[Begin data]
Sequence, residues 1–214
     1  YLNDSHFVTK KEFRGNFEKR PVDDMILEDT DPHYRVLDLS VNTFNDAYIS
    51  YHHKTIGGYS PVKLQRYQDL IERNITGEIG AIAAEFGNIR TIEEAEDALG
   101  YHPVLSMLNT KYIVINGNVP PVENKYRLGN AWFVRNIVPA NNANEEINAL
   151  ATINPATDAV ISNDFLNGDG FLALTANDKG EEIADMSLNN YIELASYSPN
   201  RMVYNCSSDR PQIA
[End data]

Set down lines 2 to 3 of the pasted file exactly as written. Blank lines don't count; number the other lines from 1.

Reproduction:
     1  YLNDSHFVTK KEFRGNFEKR PVDDMILEDT DPHYRVLDLS VNTFNDAYIS
    51  YHHKTIGGYS PVKLQRYQDL IERNITGEIG AIAAEFGNIR TIEEAEDALG